This month’s First-Day Covers column continues where the June 2 column left off, explaining terminology used in cover collecting.
Combination (or combo) first-day covers have stamps affixed other than the new issues. These additional stamps are tied to the cover by the first-day postmarks of the new issues.
The stamps are usually related to the new issues by theme, such as birds, trains, planes and so on.
The United States Postal Service is the only major country postal agency that will service such FDCs, and it will even allow the inclusion of stamps from other countries. If the foreign stamp is to be struck with a U.S. postmark, however, the postmark must also touch a U.S. stamp.
FDCs that are struck with two or more different first-day postmarks, or with both a first-day postmark with non-first-day postmark, are described as dual-canceled.
Shown in Figure 1 is a Queensbury Cachet by artist Jack Davis. The 1981 18¢ stamp honoring White House architect James Hoban (Scott 1935) was canceled with the circular date stamp for the first-day city, Washington, D.C., while the 20¢ James Hoban stamp (1936) was postmarked on the issue date in Whitehouse, N.J., about 200 miles away. The latter postmark on the Figure 1 cover is also an example of an unofficial FDC, as described in the previous First-Day Covers column.
A joint issue consists of stamps with the same subject and (usually) similar designs issued by two or more cooperating countries.
Figure 2 shows a 1991 joint issue FDC by Panda Cachets. The U.S. stamp (Scott 2532) and Swiss stamp (888) mark the 700th anniversary of the founding of Switzerland. The U.S. stamp also sports a UO (unofficial) cancel from Geneva, Ill. The official first-day city was Washington.
In the early days, FDCs had to be serviced by a collector or dealer in the first-day city on the first day of issue. The U.S. Post Office Department later changed the rules to accept mail-in requests, with sufficient payment for the stamps to be affixed.
Starting in 1977, the U.S. Postal Service established a 15-day grace period, during which collectors could buy the stamps at their local post office, affix them to covers and submit them for servicing.
Today, the grace period is usually 60 days for collectors, and twice that for dealers.
blogAs stamp collectors, we become the stewards of postage stamps and postal history. We passionately protect our stamps and covers. We recognize that these fragile objects are ours to cherish for a brief moment in time before we pass them along to the next generation. Read More ›
blogOn June 28, 1914, by assassinating Archduke Franz Ferdinand of Austria, Yugoslav nationalist Gavrilo Princip with the squeeze of a trigger sparked would become to be known as “The Great War” and “The War to End All Wars.” Read More ›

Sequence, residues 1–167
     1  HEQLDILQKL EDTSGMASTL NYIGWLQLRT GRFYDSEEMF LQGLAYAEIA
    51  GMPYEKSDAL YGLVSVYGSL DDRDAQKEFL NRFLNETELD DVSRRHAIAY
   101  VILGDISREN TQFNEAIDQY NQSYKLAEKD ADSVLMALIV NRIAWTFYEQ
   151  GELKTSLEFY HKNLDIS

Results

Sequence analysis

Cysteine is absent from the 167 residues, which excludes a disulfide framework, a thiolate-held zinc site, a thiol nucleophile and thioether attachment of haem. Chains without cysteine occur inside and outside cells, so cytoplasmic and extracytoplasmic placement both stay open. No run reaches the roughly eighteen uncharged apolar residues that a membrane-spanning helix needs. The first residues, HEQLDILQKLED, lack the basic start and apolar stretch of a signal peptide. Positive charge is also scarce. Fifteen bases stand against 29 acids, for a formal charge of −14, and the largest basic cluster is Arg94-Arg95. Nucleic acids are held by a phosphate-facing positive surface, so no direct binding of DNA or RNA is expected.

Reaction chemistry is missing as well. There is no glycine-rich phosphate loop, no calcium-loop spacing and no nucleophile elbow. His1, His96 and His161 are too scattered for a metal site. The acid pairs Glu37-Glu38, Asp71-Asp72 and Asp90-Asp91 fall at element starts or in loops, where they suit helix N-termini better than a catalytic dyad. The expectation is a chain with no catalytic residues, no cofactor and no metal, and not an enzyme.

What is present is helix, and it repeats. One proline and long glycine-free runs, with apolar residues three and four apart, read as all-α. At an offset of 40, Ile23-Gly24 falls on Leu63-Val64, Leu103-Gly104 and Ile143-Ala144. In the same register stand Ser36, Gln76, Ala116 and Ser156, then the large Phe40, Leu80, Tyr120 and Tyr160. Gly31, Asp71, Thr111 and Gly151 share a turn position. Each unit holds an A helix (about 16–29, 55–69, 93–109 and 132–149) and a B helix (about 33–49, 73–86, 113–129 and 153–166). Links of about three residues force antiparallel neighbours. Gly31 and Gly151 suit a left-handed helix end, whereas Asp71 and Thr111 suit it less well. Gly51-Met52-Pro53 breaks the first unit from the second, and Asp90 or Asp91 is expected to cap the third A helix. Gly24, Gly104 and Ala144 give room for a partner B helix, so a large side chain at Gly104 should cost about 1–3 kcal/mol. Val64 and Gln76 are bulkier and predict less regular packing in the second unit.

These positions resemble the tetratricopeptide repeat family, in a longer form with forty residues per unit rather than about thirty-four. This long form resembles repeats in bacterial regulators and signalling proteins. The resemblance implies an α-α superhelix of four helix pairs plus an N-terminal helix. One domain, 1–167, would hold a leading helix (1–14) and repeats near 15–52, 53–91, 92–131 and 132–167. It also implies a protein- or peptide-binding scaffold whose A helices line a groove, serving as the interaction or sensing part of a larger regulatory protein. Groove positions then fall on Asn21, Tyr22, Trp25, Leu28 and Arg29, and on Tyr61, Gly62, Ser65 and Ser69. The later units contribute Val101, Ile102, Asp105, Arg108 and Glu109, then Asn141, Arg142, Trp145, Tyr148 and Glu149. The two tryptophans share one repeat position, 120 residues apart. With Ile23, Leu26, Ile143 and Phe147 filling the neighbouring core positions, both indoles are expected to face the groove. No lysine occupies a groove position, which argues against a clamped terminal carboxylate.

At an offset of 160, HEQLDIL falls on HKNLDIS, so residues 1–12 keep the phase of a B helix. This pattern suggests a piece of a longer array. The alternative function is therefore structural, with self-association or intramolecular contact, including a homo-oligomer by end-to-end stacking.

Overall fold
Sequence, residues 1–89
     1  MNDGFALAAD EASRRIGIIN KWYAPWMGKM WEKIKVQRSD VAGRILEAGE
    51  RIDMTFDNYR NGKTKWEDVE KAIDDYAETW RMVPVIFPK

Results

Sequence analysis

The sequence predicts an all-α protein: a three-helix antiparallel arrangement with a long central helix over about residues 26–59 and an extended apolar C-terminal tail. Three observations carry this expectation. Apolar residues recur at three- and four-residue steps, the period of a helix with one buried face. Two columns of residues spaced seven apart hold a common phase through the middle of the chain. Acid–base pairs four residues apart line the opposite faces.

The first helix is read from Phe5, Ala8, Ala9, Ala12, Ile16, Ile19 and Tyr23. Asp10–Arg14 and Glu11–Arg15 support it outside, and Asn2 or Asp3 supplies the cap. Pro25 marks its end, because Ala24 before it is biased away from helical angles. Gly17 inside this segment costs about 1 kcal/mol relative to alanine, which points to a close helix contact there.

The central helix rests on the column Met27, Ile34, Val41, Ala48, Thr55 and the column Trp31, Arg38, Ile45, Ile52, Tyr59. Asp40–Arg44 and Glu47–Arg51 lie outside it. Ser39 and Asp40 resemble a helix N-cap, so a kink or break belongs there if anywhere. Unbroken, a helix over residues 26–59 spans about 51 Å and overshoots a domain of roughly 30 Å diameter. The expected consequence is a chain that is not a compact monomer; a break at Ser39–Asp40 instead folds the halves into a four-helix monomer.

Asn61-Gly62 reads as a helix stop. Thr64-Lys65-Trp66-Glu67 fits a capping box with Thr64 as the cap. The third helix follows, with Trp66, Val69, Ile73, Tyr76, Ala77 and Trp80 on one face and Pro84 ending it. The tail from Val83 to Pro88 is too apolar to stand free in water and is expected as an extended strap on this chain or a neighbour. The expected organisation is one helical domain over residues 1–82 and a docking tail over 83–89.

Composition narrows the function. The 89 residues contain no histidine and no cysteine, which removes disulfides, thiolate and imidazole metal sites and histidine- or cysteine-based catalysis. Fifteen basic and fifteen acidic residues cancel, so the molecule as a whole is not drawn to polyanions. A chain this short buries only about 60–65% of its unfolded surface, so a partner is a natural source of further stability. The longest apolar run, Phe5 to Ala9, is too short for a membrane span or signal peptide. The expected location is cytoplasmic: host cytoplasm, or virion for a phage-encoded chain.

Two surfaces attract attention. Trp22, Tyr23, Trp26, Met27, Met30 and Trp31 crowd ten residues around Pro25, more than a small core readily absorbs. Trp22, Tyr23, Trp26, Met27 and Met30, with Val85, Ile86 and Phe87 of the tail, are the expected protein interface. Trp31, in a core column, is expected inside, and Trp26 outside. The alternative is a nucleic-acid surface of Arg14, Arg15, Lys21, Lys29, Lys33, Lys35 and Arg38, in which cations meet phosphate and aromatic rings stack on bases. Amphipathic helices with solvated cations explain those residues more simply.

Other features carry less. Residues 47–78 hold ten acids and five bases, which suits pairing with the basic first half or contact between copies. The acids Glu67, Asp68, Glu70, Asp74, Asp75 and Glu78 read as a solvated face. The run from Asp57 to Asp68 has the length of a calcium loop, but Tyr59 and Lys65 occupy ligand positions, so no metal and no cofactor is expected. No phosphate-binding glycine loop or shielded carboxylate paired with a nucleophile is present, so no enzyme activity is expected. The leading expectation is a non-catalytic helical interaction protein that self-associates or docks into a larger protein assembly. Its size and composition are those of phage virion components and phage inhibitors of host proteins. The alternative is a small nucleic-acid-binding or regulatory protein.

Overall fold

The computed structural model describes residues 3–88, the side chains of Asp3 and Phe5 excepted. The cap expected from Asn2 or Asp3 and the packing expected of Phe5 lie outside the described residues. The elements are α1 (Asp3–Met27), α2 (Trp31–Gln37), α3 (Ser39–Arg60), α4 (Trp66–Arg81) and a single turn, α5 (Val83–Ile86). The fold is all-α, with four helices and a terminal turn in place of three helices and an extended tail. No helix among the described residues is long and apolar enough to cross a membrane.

blogEleanor Roosevelt said, “Great minds share ideas …,” and Linn’s is fortunate to have thoughtful leaders of the stamp hobby on its Editorial Advisory Board. Board members participated in a lively discussion of “The State of the Stamp Hobby” Aug. 21 at the American Philatelic Society Stampshow in Grand Rapids, Mich. Read More ›
August 19, 2015 01:58 PMIn an unusual development for our hobby, the Office of Inspector General of the United States Postal Service is blogging about stamp collecting. Read More ›
Watch as Scott catalog senior editor Marty Marty Frankevicz discusses the controversy in Canada over increasing postage rates, the elimination of home mail delivery and the erecting of cluster boxes.
Watch as Linn’s associate editor Michael Baadke discusses happenings at the recent APS Stampshow from the show floor.
Watch as Linn's/Scott editorial director Donna Houseman discusses the early release of the new U.S. Elvis stamp, the possibility of a Peanuts stamp and Linn's at the upcoming APS Stampshow.
Watch as Linn’s Stamp News managing editor Chad Snee discusses highlights of Robert A. Siegel Auction Rarities Week sales in late June, and reports that the 49¢ price for a first-class United States stamp will remain in effect until April.
It is always a treat to get to see stamp dealers’ own collections.
In the recently concluded Linn’s United States Stamp Popularity Poll, the Circus Posters set of eight stamps was chosen as the overall favorite issue of 2014.
Dispersal of the splendid Daniel B. Curtis collection continued March 25, with Robert A. Siegel Auction Galleries gaveling items from United States back-of-the-book and possessions.
The 175th anniversary of the first postage stamp, Great Britain's Penny Black, is May 6, but the stamp was placed on sale May 1, 1840, for mailers to use beginning on May 6, the designated issue date.